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condemn

[kuhn-dem]
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verb (used with object)
  1. to express an unfavorable or adverse judgment on; indicate strong disapproval of; censure.
  2. to pronounce to be guilty; sentence to punishment: to condemn a murderer to life imprisonment.
  3. to give grounds or reason for convicting or censuring: His acts condemn him.
  4. to judge or pronounce to be unfit for use or service: to condemn an old building.
  5. U.S. Law. to acquire ownership of for a public purpose, under the right of eminent domain: The city condemned the property.
  6. to force into a specific state or activity: His lack of education condemned him to a life of menial jobs.
  7. to declare incurable.
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Origin of condemn

1350–1400; Middle English condempnen < Anglo-French, Old French condem(p)ner < Latin condemnāre. See con-, damn
Related formscon·dem·na·ble [kuhn-dem-nuh-buhl] /kənˈdɛm nə bəl/, adjectivecon·dem·na·bly, adverbcon·demn·er [kuhn-dem-er] /kənˈdɛm ər/, con·dem·nor [kuhn-dem-er, kuhn-dem-nawr] /kənˈdɛm ər, kən dɛmˈnɔr/, nouncon·demn·ing·ly, adverbre·con·demn, verb (used with object)self-con·demned, adjectiveself-con·demn·ing, adjectiveun·con·dem·na·ble, adjectiveun·con·demned, adjectiveun·con·demn·ing, adjectiveun·con·demn·ing·ly, adverb
Can be confusedblame censure condemn (see synonym study at blame)condemn contemn

Synonyms for condemn

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1. See blame.

Antonyms for condemn

Dictionary.com Unabridged Based on the Random House Unabridged Dictionary, © Random House, Inc. 2018

Related Words for condemned

convicted, doomed, damned, fated

Examples from the Web for condemned

Contemporary Examples of condemned

Historical Examples of condemned

  • Besides, he condemned the continuance of the war duties in times of peace.

    The Grand Old Man

    Richard B. Cook

  • The policy of excluding the coasting trade from the measure he also condemned.

    The Grand Old Man

    Richard B. Cook

  • But he felt troubled; he was condemned, and it was the world's voice which had condemned him.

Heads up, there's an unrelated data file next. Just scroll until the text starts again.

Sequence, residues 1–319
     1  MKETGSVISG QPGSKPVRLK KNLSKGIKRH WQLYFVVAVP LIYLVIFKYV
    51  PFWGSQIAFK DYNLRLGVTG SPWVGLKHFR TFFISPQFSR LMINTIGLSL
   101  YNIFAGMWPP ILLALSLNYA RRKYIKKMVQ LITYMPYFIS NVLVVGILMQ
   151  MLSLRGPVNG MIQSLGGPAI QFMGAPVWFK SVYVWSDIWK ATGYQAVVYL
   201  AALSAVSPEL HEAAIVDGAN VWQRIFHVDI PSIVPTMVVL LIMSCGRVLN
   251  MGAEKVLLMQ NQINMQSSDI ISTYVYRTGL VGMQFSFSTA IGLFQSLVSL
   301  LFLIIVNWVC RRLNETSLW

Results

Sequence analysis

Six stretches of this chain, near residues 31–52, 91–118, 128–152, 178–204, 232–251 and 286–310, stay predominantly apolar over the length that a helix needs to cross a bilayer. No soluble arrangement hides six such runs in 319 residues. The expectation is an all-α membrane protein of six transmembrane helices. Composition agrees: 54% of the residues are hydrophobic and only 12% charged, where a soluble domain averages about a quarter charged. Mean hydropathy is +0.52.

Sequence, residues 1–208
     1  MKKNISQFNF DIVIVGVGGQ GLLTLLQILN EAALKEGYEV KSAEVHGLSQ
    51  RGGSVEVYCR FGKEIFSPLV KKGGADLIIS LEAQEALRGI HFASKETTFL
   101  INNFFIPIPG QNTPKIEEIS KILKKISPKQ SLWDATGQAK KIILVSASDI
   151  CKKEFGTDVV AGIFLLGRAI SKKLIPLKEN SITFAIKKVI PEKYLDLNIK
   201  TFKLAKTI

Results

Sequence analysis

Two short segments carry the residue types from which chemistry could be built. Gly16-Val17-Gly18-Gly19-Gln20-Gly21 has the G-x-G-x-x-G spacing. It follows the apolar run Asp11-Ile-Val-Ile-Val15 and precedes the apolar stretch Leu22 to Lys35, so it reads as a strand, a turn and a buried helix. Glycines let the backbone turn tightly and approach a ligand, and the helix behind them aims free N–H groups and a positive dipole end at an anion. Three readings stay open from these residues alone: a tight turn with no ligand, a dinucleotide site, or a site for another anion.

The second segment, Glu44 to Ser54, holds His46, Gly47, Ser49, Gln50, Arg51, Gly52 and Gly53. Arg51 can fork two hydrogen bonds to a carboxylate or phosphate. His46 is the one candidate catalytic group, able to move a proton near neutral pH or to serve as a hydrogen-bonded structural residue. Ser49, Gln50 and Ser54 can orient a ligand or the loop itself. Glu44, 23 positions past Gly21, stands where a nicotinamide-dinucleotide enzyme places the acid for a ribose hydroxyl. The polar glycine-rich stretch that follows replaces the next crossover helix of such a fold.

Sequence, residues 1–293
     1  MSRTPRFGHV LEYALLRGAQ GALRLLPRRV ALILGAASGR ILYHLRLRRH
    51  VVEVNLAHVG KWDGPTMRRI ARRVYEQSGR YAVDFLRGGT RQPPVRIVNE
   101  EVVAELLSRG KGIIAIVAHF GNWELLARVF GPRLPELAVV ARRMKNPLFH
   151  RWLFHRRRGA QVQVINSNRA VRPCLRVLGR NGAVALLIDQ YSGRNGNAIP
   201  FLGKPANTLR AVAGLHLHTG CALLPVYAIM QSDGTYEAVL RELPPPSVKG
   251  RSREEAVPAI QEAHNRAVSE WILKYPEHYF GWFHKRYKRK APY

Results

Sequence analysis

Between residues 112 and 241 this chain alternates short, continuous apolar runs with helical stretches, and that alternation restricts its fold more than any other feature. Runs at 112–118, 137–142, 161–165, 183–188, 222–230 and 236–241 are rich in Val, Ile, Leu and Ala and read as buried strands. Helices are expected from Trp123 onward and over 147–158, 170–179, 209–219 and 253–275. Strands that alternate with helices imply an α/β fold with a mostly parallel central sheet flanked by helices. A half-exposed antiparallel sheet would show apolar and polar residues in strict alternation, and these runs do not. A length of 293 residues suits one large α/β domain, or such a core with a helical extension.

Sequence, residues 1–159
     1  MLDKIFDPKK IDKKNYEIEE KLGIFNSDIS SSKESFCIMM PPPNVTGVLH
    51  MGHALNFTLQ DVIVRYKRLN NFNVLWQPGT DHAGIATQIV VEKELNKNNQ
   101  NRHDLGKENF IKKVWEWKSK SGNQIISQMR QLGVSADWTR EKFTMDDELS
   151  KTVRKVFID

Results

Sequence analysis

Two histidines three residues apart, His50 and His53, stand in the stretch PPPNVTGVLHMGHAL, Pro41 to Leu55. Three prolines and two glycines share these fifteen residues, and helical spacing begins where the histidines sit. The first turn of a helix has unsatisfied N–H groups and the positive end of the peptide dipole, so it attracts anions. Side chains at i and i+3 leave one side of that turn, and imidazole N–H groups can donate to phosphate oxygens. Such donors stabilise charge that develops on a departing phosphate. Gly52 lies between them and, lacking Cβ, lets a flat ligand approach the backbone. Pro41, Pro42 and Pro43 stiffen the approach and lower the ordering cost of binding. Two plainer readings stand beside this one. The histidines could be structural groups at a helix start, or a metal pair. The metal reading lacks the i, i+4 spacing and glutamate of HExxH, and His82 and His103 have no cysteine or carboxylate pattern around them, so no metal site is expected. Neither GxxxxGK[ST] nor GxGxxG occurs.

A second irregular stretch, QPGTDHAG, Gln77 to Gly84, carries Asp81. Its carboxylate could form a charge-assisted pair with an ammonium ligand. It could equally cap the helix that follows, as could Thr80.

Tiverton Tales

    Alice Brown

  • So fair, so innocent a victim shall not be condemned to that living tomb.

    Calderon The Courtier

    Edward Bulwer-Lytton

  • Adams then said, "He hoped he should not be condemned unheard."

    Joseph Andrews Vol. 1

    Henry Fielding


British Dictionary definitions for condemned

condemn

verb (tr)
  1. to express strong disapproval of; censure
  2. to pronounce judicial sentence on
  3. to demonstrate the guilt ofhis secretive behaviour condemned him
  4. to judge or pronounce unfit for usethat food has been condemned
  5. to compel or force into a particular state or activityhis disposition condemned him to boredom
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Derived Formscondemnable (kənˈdɛməbəl), adjectivecondemnably, adverbcondemnation, nouncondemner, nouncondemningly, adverb

Word Origin for condemn

C13: from Old French condempner, from Latin condemnāre, from damnāre to condemn; see damn
Collins English Dictionary - Complete & Unabridged 2012 Digital Edition © William Collins Sons & Co. Ltd. 1979, 1986 © HarperCollins Publishers 1998, 2000, 2003, 2005, 2006, 2007, 2009, 2012

Word Origin and History for condemned

adj.

1540s, "found guilty, at fault," past participle adjective from condemn. Of property, "found unfit for use," from 1798.

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condemn

v.

early 14c., condempner "to blame, censure," from Old French condamner "to condemn" (11c.), from Latin condemnare "to sentence, doom, blame, disapprove," from com-, intensive prefix (see com-), + damnare "to harm, damage" (see damn). Replaced Old English fordeman. Related: Condemned; condemning.

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Online Etymology Dictionary, © 2010 Douglas Harper